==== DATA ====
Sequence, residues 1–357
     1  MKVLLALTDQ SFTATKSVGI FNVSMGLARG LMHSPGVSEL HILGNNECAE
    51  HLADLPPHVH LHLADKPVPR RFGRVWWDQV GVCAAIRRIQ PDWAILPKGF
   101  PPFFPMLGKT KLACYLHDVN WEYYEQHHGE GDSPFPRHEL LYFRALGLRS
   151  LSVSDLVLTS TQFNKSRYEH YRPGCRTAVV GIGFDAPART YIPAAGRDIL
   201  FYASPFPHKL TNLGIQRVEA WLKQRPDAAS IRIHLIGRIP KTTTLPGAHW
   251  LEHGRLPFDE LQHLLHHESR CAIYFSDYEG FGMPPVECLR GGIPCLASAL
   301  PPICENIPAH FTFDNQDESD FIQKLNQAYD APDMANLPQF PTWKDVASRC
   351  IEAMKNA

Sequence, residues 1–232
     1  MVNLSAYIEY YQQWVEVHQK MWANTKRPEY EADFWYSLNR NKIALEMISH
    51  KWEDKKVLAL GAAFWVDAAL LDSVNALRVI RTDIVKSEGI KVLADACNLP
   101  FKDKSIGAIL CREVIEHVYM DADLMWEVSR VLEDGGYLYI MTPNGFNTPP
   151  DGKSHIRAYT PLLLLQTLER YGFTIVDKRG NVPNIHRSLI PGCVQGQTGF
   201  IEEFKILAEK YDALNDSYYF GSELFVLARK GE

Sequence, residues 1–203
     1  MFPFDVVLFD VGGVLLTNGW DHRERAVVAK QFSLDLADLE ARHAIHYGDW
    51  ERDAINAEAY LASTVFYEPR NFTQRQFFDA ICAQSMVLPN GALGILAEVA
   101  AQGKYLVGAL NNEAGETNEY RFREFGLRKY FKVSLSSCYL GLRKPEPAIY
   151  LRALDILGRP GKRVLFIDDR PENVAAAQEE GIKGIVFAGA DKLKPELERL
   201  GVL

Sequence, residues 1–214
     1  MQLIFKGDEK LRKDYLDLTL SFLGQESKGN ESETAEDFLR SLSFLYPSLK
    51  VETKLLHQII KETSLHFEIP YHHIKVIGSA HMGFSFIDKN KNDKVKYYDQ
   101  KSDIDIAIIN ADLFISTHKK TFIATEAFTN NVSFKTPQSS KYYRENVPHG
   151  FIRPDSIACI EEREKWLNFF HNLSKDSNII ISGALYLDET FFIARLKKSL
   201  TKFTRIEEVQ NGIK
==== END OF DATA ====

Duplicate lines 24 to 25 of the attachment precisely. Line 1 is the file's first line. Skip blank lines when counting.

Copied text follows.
    51  VETKLLHQII KETSLHFEIP YHHIKVIGSA HMGFSFIDKN KNDKVKYYDQ
   101  KSDIDIAIIN ADLFISTHKK TFIATEAFTN NVSFKTPQSS KYYRENVPHG